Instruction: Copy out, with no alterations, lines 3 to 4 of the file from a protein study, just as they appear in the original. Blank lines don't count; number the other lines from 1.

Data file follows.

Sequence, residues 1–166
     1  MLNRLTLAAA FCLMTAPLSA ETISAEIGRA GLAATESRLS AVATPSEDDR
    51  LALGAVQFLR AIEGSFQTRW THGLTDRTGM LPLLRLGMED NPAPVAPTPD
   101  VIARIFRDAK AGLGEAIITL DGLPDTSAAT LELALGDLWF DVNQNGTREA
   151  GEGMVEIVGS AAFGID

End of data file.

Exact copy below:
    51  LALGAVQFLR AIEGSFQTRW THGLTDRTGM LPLLRLGMED NPAPVAPTPD
   101  VIARIFRDAK AGLGEAIITL DGLPDTSAAT LELALGDLWF DVNQNGTREA